March 9, 2014 |
The confirmation in December that former CIA Director Leon Panetta let classified information slip to "Zero Dark Thirty" screenwriter Mark Boal during a speech at the agency headquarters should result in a criminal espionage charge if there is any truth to Obama administration claims that it isn't enforcing the Espionage Act only against political opponents. I'm one of the people the Obama administration charged with criminal espionage, one of those whose lives were torn apart by being accused, essentially, of betraying his country.
CALIFORNIA | LOCAL
January 6, 1989 |
The decision of independent counsel Lawrence E. Walsh to seek dismissal of the two key charges against Lt. Col. Oliver L. North underscores the difficulty of prosecuting a case of this magnitude, even under the 1980 Classified Information Procedures Act. North's lawyers thought the imperatives of secrecy ultimately would be his shield. For several important reasons they appear to be right.
August 10, 2006 |
A sailor accused of taking a Navy laptop containing classified information and peddling its contents to foreign governments is being held for possible court-martial, the Navy said Wednesday. The Navy said that Petty Officer 3rd Class Ariel J. Weinmann gave national defense data to a foreign government. Weinmann, 21, of Salem, Ore., was confined at Norfolk Naval Station, the Navy said.
January 13, 1989 |
Former White House aide Oliver L. North's motives in the Iran-Contra scandal ranged from covering up previous lies and pro-Contra activities to avoiding charges of illegality and political embarrassment to the Reagan Administration, prosecutors in the case said Thursday.
February 10, 1989 |
The Justice Department today sought for a third time to delay Oliver North's Iran-Contra trial, contending that defense lawyers will hurt national security by putting state secrets on the public record. The department asked a three-member panel of the U.S. Court of Appeals to reconsider its refusal to delay the trial while it studies the presiding judge's refusal to implement procedures the government argues are needed to prevent surprise disclosures of classified information.
February 18, 2000 |
The Pentagon said Thursday it was reviewing classified material that former CIA Director John M. Deutch had on a non-secure home computer and will seek to answer the question, "How did this happen?" Neither the CIA nor the Pentagon have any evidence that any of the classified material was obtained by an outsider, but both agencies are conducting separate reviews of what might have been compromised if someone had obtained the secret information. Pentagon spokesman Rear Adm.
November 9, 2005 |
With pressure mounting on the Bush administration over its detainee policies, Republican House and Senate leaders asked Tuesday for an investigation into who leaked information to the Washington Post about CIA-run secret prisons abroad. Senate Majority Leader Bill Frist (R-Tenn.) and House Speaker J. Dennis Hastert (R-Ill.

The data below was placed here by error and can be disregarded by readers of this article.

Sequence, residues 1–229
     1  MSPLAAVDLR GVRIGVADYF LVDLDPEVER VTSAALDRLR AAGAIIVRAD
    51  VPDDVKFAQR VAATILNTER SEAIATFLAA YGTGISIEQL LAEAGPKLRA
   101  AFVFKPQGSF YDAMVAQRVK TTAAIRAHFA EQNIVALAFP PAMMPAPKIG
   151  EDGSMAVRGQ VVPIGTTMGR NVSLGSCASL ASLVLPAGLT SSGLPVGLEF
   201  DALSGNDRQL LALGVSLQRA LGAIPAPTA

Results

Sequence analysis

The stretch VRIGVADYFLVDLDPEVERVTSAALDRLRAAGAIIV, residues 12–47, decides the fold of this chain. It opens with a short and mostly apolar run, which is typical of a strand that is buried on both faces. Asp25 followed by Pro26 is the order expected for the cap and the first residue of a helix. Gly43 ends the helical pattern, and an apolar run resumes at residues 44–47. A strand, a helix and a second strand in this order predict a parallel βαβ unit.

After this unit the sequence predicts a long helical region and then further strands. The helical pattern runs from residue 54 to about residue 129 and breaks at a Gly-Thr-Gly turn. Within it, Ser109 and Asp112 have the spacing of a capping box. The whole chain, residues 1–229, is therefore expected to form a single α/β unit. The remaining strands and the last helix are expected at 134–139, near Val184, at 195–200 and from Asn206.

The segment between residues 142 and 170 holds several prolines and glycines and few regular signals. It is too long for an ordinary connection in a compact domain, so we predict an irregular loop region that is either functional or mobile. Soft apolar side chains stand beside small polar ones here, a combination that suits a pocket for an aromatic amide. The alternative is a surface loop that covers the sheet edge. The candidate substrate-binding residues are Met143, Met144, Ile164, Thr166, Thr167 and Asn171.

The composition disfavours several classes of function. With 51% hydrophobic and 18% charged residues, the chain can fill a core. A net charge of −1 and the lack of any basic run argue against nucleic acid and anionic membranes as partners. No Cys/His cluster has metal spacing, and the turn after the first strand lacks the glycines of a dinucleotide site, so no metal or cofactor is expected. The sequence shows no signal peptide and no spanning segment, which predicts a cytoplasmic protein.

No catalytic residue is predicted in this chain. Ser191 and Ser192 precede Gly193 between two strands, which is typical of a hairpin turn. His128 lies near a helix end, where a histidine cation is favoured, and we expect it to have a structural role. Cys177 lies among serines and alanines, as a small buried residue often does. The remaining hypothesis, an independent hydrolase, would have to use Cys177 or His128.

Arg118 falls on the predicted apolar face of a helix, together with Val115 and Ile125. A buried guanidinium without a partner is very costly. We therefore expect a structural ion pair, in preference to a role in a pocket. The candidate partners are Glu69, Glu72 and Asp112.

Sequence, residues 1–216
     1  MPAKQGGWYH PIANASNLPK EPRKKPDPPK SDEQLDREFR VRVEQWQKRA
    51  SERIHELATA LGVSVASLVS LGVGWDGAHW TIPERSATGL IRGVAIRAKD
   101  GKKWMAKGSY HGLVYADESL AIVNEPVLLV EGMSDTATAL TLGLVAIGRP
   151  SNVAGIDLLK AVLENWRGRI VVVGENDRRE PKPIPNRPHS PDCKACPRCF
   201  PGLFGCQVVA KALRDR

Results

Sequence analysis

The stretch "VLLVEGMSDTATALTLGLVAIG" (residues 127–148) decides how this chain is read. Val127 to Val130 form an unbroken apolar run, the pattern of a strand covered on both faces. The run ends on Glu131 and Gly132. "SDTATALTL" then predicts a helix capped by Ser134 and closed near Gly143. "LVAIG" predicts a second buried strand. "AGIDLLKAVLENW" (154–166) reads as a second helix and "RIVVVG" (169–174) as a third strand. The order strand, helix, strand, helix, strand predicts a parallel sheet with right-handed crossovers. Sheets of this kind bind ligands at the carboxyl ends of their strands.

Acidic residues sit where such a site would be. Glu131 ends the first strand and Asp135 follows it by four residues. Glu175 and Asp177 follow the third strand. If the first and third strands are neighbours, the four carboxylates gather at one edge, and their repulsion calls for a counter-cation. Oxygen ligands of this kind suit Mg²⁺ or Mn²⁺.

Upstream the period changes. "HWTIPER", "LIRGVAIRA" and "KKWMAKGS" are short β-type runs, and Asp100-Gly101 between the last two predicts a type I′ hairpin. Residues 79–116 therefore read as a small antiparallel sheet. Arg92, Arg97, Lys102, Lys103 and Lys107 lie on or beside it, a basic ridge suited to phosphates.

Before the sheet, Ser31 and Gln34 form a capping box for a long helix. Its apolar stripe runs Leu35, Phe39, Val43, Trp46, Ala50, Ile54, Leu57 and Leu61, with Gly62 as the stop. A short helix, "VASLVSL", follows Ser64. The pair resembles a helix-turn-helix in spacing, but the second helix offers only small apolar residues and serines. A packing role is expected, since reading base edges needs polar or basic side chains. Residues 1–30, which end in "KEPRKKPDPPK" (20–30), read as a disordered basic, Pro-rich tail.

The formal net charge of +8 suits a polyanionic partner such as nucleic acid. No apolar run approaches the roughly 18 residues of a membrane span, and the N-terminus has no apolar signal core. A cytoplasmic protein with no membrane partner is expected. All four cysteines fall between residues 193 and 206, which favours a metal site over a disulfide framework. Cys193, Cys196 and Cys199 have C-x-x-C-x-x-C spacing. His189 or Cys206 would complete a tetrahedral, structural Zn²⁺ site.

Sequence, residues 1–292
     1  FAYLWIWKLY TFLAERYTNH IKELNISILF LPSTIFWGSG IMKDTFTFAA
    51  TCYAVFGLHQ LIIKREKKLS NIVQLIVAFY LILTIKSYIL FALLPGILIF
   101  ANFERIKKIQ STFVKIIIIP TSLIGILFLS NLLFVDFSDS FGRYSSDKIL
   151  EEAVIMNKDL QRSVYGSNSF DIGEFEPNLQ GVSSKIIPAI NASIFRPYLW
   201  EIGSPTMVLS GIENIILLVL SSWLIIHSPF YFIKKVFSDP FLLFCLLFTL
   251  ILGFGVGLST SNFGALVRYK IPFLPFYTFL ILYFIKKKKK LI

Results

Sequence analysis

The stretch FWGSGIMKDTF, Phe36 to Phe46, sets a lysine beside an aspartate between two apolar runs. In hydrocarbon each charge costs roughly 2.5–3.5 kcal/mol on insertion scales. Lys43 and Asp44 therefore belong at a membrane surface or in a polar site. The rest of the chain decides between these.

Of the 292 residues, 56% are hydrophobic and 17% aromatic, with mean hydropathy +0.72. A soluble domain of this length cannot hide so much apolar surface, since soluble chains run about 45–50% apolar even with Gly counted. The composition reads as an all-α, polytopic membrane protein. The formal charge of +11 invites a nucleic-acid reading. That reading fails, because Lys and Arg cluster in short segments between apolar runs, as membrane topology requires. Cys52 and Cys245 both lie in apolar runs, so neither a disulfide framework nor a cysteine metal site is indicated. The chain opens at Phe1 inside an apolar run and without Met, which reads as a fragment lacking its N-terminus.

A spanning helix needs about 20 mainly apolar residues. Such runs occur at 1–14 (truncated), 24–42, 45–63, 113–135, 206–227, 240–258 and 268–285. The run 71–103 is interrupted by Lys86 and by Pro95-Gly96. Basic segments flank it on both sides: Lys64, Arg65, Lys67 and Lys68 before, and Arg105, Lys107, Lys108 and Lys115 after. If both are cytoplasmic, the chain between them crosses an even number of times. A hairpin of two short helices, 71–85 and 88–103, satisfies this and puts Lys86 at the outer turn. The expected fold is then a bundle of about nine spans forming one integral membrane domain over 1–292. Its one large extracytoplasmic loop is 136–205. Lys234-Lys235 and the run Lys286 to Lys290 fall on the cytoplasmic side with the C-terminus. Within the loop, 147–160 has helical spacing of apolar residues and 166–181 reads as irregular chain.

January 19, 2001 |
Former CIA Director John M. Deutch is negotiating with the Justice Department over the possibility that he might plead guilty to a misdemeanor for keeping classified information on his home computers, sources familiar with the talks said Thursday. Atty. Gen. Janet Reno had wanted to resolve the high-profile case before she left office Thursday, but her interim successor, Eric H. Holder Jr., has assumed responsibility for overseeing its resolution, the sources said.
October 11, 2000 |
The Clinton administration, concerned that it had hobbled its top diplomat in Israel in the midst of the worst violence there in a decade, restored the security clearance of Ambassador Martin Indyk, the State Department said Tuesday. Secretary of State Madeleine Albright reinstated Indyk's right to use classified information "in light of the continuing turmoil in Israel, the West Bank and Gaza [Strip] and for compelling national security reasons," department spokesman Richard Boucher said.
July 12, 2013 |
WASHINGTON - For the first time in more than 30 years, the Justice Department will revise its rules for investigations involving journalists to sharply limit the use of subpoenas or search warrants to obtain the phone records and e-mails of reporters. According to a Justice Department official, the new guidelines will say that in nearly all instances, news organizations will be notified in advance when federal agents are seeking their phone records as part of a broader investigation.